When Hamilton is accused of being dishonest and engaging in “improper speculation” as treasury secretary, he publishes a rebuttal…

“Hamilton now reverted to lifelong practice: he would drown his accusers with words.” ~ Ron Chernow

In an attempt to control the narrative, he pens “The Reynolds Pamphlet.” He admits to being blackmailed by Mr. James Reynolds for having an affair with Reynolds’ wife.

Hamilton exposes his own affair to prove he was not dishonest as Treasury Secretary… and, in doing so, publicly shames his wife and family.

“Alexander Hamilton had a torrid affair. And he wrote it down right there.” ~ “The Reynolds Pamphlet”

“The charge against me is a connection with one James Reynolds / For purposes of improper speculation. / My real crime is an amorous connection with his wife / For a considerable time with his knowing consent.” ~ “The Reynolds Pamphlet”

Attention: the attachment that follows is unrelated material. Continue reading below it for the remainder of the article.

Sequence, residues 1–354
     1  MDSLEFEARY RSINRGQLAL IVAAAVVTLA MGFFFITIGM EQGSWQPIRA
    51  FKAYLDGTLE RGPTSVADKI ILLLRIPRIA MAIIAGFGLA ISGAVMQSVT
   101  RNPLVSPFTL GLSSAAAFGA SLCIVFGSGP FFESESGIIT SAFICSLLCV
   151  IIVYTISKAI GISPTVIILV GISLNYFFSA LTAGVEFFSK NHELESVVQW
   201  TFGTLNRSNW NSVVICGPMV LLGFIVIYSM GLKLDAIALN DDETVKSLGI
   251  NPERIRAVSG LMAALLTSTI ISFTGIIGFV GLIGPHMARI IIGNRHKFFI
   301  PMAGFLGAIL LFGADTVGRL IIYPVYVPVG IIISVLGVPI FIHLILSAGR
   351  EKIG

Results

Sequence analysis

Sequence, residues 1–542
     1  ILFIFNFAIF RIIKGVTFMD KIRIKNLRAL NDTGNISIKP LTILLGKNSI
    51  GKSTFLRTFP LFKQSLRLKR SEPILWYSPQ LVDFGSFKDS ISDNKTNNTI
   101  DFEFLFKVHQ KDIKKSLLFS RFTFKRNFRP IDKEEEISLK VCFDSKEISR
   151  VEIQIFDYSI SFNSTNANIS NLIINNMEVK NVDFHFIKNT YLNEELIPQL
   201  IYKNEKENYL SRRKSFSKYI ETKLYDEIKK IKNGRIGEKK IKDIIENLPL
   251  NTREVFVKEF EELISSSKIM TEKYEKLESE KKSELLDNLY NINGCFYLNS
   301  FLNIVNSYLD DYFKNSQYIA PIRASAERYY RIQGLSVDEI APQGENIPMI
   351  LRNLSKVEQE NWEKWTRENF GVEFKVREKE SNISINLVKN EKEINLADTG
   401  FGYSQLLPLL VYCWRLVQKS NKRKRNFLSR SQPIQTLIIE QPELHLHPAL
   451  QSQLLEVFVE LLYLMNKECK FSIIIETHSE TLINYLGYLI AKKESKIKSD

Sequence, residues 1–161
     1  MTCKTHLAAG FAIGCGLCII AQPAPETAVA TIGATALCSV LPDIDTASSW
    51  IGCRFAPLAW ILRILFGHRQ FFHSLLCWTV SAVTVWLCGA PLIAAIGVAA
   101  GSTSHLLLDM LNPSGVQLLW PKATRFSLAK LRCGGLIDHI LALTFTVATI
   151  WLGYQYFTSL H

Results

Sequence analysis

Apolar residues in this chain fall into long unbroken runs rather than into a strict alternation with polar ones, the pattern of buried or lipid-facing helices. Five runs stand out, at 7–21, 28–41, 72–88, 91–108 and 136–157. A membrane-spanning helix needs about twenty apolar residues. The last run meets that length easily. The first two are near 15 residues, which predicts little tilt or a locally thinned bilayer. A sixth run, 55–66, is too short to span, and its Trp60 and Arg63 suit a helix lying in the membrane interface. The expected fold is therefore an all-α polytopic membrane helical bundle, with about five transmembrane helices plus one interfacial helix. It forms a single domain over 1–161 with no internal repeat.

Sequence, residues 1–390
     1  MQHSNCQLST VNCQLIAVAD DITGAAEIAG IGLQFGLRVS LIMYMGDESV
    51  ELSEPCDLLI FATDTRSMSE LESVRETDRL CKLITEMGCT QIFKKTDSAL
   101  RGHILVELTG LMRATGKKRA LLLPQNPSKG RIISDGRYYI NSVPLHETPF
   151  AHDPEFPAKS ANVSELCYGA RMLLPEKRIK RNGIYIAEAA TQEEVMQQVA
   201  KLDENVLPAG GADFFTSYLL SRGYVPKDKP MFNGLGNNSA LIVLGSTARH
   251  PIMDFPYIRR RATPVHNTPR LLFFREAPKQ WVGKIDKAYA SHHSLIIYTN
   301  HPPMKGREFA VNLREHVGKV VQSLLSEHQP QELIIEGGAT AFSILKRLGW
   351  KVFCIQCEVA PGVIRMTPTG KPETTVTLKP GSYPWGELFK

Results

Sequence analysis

You might be thinking, who would do that?! The way in which Hamilton writes about his affair is so clinical, so cold… it’s difficult to understand why he would be willing to expose this part of his life to the American public.

“Have you read this? Did you ever see somebody ruin their own life?” ~ Thomas Jefferson, “The Reynolds Pamphlet”

He may have saved his political reputation, but he sacrificed his personal one. In the show, the company sings sardonically, “At least he was honest with our money!”

In “Hurricane” (the song I quote at the beginning), Lin Manuel-Miranda portrays Hamilton as feeling trapped. Ultimately, he decides that publishing a confession is his only option for protecting his public record. He comes clean.